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Addressing the college enrollment decline

For years, the WCC Administration has carried on about the coming enrollment decline. They have used it to justify their plan to open a hotel and conference center on campus. (They do not actually consider the realities of running a hotel.} For example, one Trustee wondered aloud about running the “hotel” as a student dorm in the fall and winter, and a hotel in the summer.

(Um, no.)

Here’s the thing: if the WCC administrators felt confident that they were going to run into a demographically driven enrollment decline, which they did, they should have reduced their spending, which they did not. If revenues are driven by enrollment and enrollment was going to drop, then increasing spending and constructing new buildings was (and is) flagrantly irresponsible.

The WCC Administration will not act in the best interest of the Washtenaw County taxpayers. That’s what the Trustees are supposed to be doing. Even after being told time and time again that there was a serious possibility that enrollment could drop, the WCC Trustees have not acted like they’ve gotten the message.

Instead of preparing the college for the possibility of a college enrollment decline, they authorized the hiring of a dozen Vice Presidents and voted to issue bonds to build “The Advanced Transportation Center.”

The dozen Vice Presidents are currently on the payroll, but the funding for the “Advanced Transportation Center” is on hold, thanks to the pandemic.

College enrollment decline inaction is the WCC Trustees’ responsibility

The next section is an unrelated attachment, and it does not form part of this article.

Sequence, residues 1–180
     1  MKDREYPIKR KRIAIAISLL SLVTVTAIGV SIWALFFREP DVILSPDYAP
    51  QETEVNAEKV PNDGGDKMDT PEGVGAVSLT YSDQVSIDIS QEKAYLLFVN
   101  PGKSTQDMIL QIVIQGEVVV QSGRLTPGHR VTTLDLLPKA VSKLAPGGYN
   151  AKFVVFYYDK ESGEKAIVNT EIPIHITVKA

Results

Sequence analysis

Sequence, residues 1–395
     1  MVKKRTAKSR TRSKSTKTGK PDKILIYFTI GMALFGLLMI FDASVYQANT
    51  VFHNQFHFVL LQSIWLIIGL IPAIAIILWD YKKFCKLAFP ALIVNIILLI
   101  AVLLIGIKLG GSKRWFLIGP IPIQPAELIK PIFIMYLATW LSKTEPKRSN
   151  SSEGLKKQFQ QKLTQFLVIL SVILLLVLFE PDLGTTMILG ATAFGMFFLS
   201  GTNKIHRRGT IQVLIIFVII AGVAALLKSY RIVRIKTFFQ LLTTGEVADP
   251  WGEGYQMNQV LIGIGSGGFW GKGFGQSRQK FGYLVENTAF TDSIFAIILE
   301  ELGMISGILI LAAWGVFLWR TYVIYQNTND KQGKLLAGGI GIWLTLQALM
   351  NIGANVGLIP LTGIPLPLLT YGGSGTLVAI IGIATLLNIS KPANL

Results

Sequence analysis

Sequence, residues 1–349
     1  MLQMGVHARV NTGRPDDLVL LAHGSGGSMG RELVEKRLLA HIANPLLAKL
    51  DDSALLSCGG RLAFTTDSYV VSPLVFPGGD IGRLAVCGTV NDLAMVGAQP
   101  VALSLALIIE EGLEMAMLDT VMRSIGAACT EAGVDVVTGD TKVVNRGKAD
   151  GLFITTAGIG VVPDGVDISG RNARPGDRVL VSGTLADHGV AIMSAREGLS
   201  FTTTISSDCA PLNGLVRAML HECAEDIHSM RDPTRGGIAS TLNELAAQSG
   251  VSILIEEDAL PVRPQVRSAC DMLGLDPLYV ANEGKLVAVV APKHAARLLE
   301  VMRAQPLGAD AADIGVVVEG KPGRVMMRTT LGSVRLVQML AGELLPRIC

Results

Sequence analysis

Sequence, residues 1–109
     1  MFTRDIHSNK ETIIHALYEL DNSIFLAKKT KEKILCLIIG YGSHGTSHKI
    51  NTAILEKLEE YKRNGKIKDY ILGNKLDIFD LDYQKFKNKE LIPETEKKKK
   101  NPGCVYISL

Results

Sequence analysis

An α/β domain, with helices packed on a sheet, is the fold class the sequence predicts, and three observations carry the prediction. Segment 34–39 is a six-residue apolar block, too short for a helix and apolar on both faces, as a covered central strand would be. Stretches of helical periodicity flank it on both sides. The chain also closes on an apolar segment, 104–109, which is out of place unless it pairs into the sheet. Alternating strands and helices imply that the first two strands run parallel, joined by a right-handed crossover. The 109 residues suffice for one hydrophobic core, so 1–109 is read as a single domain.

Now, to be clear, Generation Z is a comparatively large generation, but the number of GenZ students who want to attend a community college is small. But Gen Z’s size is not the only thing that can keep community colleges afloat. Community colleges don’t just attract college students in the traditional 18-22 year-old range. They attract students from a much wider age range – from high school to the mid-60’s.

In that broad stroke, there are enough people to keep community college enrollment comfortably high. And new data have shown that the people most likely to persist in a community college setting are students in the 30-34 age range.

But community college administrators cannot simultaneously cry about the declining college enrollment and help themselves to a broad increase in college expenses. The WCC trustees should immediately demand austerity measures of the administration and cancel new construction on campus.

In the absence of being able to tap into non-traditional student demographics by running programs that result in a high-income, high-demand jobs, the rational move is to prepare the college by reducing expenses.

The questions regarding the college enrollment decline are stunningly simple. Do the WCC Trustees not:

  • Understand the information they’re being given?
  • Understand that it is their job to act on the information they’re being given?
  • Believe the information they’re being?
  • Understand basic economics?

Regardless of the answers to these questions, the lack of fiscal restraint on the part of the WCC administration, under the watchful eye of the WCC Trustees, will have devastating consequences for WCC and for Washtenaw County.

Photo Credit: Pat Joyce, via Flickr